As a result, others have attempted to clump the drone operators closer together under the instruction of a scout platoon. This is most notable in the 101st Airborne, where the division is experimenting with “incorporating drones into its new Multi-Functional Reconnaissance Company, or MFRC.” This has allowed troops to lay down early fire on an enemy as well as gaining reconnaissance data before regular ground troops move in on a target.

Other groups are using less formal programs to hone soldiers' drone flying skills. A result of new US Army guidelines which allow more independence for lower-level commanders to purchase commercial drones and drone parts for integration in their units.

Given the overall proliferation of drones in so many walks of life, their integration into infantry platoons is not just a possibility but a necessity for modern warfare. The ongoing advances in small unmanned aerial systems (sUAS) have demonstrated their effectiveness in reconnaissance, target acquisition, and direct engagement, as seen in conflicts like Ukraine and elsewhere.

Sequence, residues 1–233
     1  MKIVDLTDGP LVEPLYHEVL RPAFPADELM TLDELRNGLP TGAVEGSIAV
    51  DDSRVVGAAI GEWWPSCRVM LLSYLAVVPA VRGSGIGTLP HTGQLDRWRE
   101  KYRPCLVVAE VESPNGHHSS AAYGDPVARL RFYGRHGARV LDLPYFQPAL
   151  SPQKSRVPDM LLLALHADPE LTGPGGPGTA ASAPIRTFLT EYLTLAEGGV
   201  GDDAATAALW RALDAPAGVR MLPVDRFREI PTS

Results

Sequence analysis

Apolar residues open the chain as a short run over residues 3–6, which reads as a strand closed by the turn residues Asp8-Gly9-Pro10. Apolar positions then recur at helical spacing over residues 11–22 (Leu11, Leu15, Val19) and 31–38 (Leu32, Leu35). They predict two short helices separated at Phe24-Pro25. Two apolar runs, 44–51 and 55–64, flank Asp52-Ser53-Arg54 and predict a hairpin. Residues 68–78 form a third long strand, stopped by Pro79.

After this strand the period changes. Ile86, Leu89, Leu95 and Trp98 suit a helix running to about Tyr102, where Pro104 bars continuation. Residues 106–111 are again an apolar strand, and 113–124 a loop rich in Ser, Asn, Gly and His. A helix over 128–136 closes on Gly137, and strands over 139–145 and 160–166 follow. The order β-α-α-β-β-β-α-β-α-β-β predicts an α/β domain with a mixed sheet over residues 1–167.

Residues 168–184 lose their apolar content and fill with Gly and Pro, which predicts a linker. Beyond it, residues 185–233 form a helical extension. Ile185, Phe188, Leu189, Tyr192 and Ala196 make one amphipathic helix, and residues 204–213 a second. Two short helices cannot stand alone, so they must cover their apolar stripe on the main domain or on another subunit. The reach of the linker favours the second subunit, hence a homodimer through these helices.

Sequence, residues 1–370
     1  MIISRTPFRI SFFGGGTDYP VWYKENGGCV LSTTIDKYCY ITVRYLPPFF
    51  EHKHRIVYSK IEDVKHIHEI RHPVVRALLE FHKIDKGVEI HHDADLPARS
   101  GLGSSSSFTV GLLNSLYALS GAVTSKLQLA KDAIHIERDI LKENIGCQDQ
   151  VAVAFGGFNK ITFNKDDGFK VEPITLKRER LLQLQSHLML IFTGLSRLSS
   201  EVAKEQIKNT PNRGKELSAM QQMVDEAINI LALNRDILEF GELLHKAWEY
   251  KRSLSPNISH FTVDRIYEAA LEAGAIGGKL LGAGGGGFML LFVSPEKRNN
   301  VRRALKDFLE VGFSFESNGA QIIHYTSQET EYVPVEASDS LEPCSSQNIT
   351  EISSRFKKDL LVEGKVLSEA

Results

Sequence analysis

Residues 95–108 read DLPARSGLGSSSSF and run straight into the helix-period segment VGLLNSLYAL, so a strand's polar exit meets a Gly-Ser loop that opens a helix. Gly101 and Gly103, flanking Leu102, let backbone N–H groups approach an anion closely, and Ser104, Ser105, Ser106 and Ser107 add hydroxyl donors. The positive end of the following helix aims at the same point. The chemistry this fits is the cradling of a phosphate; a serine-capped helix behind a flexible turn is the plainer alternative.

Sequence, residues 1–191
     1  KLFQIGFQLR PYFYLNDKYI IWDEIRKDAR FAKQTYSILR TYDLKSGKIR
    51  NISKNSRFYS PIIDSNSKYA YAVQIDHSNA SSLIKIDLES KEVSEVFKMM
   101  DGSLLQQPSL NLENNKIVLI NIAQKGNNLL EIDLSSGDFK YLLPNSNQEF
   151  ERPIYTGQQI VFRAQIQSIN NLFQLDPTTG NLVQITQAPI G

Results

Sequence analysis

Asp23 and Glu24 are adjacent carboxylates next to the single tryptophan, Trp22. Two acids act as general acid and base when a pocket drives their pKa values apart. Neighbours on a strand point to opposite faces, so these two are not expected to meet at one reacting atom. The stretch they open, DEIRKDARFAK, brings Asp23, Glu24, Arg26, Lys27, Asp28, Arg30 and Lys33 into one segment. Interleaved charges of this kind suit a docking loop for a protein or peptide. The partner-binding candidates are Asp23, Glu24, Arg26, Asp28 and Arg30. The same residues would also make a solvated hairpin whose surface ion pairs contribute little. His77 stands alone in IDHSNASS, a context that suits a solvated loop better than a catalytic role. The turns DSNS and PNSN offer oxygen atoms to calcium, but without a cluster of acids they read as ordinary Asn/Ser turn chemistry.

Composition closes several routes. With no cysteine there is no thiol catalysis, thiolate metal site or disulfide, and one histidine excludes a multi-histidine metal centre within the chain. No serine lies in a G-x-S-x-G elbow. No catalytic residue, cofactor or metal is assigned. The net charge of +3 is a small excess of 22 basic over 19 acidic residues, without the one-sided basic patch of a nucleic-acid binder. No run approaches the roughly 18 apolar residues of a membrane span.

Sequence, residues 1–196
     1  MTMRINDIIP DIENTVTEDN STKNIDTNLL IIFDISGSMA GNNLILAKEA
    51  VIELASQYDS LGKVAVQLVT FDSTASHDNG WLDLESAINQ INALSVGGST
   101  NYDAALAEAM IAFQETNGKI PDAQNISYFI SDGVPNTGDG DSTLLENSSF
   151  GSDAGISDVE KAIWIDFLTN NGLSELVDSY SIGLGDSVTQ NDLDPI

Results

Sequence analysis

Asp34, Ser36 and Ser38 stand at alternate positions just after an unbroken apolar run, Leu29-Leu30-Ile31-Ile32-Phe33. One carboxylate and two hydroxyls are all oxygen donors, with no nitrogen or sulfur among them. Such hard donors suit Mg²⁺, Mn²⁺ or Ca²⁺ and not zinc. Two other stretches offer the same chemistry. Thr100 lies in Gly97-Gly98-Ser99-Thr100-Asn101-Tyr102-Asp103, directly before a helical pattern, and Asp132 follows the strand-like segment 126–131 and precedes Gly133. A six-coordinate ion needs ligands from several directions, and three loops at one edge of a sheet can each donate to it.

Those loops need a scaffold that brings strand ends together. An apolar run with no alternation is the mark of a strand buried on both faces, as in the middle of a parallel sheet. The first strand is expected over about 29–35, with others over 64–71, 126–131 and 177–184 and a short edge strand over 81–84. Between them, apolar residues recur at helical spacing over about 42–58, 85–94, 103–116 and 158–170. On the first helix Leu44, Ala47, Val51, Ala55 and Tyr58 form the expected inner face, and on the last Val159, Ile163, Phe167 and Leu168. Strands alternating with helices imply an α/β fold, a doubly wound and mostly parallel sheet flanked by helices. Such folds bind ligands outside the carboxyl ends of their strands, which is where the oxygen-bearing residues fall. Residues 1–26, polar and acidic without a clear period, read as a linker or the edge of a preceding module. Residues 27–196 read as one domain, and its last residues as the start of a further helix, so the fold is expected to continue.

By leveraging inexpensive, commercially available drones and fostering bottom-up innovation, the U.S. Army can close the sUAS experimentation gap and enhance operational effectiveness. As these technologies evolve, drones will undoubtedly become standard issue, transforming the battlefield and redefining infantry tactics for the future.

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Photo credit: Jenikirby, Flickr, Picryl, Flickr, & Rawpixel